Traditionally, this is best achieved by drinking enough alcohol to kill an average sized bison (or knock-out half a Dolly Bindra). But since one rum and cola at a bar now costs an apartment in South Mumbai, this is difficult to do. The other option is to do hard drugs. But for one, that’s illegal, and more importantly, nobody wants to be the guy that has something in common with Fardeen Khan. Luckily I’ve discovered a third, relatively inexpensive way to get the job done; put on your TV.
Indian television is the stupidest thing on the planet right now. If George W Bush, Digvijay Singh, a bag of hammers and a Miss World question came together to form a giant super-robot of stupidity, it’d meet its match if it tried to out-stupid Indian television. Stupidity isn’t a crime though; not making even a basic effort to be anything else is a straight-up felony. And Indian television makes roughly as much effort as an Indian man on his 27th wedding anniversary.
In an era where television around the world is growing in scope and ambition, often surpassing cinema in its drive to be art, Indian TV is the guy in the back of the classroom with his finger in his nose. Everyone else has moved on to bath-salts and shower-gel. We’re still dealing in soaps.
This week, I caught an episode of one of those shows that comes on at 10 pm and looks like all the others that come on at 10 pm. And 9 pm. And 7 am. The sort of show in which men show up once every six days, and all the women dress like they’ve just come back from Bappi Lahiri’s coming-out party. I think the name of the show was Kya Aapki Badi Acchi Kasauti Ke Baarein Mein Log Kahenge Vadhu Smriti Irani or something. And I am not making this up; in it, the bahu (Hindi for “person who is about to have a relentless stream of miserable things happen to her”) discovered a bomb while the family was praying. Except the bomb was stitched into the bandhgala of a child in the family (probably Suresh Raina’s nephew). So she took him outside, bit the wires off with her teeth and then flung the jacket over the side of a cliff. As if Indian girls didn’t have enough pressure on them, now they’re going to have to add “defuse detonator attached to C4” to their list of “Things to learn for marriage” list.
If a writer anywhere else in the world came up with that, you would have only one course of action; call the zoo and tell them that their orangutan has escaped and come to your office again. But we put this on TV. You’re thinking “Why not just change the channel?” Because it just gets worse. Changing the channel takes you to “youth channels” that used to be music channels that now run reality programming where half the cast looks like it’s on heroin, and the other half look like they deal it. Another change takes you to sports channels, whose idea of post-match analysis is Sidhu dancing with three cheerleaders to Halkat Jawaani. A third change takes you to English channels, which you can’t watch because they’re like the Fill In The Blanks section of every school exam ever come to life. “She said _____________ to that _________, that _______ ____ ______” is what most shows sound like, because apparently, if we heard somebody say the word “gay” or “nipple”, god would drop the entire west coast into the ocean.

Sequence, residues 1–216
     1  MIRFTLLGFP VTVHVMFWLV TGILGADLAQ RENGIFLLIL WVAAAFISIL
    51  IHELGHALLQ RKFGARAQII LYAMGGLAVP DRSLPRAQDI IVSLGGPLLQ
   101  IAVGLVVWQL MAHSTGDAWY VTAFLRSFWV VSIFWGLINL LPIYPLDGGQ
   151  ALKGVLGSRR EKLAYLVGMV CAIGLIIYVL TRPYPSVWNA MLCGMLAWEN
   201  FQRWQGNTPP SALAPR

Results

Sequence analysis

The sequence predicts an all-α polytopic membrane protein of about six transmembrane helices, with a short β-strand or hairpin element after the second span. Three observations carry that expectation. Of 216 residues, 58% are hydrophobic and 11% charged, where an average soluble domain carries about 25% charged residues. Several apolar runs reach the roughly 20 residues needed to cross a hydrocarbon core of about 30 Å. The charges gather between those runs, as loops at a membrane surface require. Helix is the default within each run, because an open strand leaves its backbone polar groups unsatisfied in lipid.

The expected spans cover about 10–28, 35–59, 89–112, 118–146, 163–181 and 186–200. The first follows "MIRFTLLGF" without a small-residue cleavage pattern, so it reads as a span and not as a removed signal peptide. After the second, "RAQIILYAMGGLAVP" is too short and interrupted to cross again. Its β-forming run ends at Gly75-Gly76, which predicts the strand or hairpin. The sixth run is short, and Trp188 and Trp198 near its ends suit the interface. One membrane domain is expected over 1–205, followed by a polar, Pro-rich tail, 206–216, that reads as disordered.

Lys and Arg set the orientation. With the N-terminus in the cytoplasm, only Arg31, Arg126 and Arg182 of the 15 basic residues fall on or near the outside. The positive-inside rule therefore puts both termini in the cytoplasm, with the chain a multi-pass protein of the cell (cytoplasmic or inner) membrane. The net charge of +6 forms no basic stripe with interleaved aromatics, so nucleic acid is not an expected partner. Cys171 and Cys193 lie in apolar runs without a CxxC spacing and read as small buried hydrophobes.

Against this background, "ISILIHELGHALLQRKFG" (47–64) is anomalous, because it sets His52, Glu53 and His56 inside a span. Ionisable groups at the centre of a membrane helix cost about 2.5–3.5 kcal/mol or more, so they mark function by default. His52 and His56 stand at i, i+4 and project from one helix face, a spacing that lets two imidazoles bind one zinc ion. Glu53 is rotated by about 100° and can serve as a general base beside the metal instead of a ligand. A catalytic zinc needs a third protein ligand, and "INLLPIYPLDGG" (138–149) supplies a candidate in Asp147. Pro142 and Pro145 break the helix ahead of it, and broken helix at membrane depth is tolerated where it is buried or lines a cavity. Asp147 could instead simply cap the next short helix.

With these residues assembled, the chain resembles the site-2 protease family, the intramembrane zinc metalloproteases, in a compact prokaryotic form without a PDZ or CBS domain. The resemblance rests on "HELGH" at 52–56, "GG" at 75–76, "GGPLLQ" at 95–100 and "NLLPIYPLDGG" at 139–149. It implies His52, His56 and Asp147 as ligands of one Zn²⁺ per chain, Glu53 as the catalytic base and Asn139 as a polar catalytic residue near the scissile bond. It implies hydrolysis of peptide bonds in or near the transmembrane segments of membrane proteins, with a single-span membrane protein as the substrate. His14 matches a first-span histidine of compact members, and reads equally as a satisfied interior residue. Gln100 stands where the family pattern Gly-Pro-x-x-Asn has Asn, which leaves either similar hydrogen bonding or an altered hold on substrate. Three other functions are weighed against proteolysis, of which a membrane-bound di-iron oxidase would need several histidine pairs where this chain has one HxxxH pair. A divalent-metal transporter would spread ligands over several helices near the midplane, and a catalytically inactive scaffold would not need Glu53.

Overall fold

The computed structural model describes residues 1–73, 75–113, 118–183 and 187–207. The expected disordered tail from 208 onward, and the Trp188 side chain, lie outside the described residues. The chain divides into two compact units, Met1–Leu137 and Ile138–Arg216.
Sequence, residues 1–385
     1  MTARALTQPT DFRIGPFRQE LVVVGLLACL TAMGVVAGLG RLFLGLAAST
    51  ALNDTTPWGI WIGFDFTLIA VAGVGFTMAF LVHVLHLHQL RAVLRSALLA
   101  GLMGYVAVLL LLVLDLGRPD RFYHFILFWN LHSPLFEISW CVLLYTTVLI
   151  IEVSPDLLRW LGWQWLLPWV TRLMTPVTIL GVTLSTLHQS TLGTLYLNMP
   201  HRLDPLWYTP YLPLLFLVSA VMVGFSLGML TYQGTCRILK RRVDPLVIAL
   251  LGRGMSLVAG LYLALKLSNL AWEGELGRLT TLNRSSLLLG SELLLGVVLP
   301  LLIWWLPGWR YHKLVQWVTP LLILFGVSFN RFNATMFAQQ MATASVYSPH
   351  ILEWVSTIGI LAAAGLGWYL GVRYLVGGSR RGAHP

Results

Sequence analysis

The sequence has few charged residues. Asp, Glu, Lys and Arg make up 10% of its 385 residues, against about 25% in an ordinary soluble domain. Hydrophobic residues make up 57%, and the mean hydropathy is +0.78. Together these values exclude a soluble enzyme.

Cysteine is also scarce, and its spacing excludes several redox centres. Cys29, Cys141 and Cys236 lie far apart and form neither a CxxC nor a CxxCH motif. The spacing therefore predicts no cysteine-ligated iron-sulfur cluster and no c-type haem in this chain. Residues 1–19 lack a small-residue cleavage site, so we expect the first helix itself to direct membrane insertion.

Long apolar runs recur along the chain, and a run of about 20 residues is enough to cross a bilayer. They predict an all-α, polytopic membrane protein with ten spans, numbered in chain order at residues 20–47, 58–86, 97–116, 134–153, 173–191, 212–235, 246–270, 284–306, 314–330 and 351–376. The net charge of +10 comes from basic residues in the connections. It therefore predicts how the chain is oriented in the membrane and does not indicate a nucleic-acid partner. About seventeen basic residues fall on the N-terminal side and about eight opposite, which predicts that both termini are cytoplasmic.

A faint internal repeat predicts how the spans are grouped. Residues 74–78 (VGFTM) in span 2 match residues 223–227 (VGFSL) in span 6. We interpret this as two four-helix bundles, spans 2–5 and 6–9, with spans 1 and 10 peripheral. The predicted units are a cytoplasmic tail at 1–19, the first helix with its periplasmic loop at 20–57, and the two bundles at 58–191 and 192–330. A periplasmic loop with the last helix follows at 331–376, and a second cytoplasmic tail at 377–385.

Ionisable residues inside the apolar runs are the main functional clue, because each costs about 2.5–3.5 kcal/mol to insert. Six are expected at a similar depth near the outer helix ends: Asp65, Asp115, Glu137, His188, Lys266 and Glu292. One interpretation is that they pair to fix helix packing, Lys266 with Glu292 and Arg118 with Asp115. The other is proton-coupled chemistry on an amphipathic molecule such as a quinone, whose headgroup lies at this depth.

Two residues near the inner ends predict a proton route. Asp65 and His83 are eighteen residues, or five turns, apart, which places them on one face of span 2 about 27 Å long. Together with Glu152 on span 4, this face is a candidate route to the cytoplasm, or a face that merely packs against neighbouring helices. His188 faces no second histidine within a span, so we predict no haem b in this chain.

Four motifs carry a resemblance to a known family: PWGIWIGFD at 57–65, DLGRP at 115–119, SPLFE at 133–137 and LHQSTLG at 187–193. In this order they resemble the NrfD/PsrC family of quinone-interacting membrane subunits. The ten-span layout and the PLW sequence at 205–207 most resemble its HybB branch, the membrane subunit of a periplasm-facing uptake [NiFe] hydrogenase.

In pandering to what we condescendingly call “the lowest common denominator”, our own content diminishes us. It reduces us to a collection of our worst tics and stereotypes. It blows my mind that we currently have more TV channels on air than we ever did in the past, but somehow, at the same time, fewer unique ideas than we did back then. We need better TV. We deserve less stupidity. Though at this point, it’d probably be easier, less painful, and more fun, to just legalise drugs.
Rohan Joshi is a writer and stand-up comedian who likes reading, films and people who do not use the SMS lingo. You can also contact him on www.facebook.com/therohanjoshi
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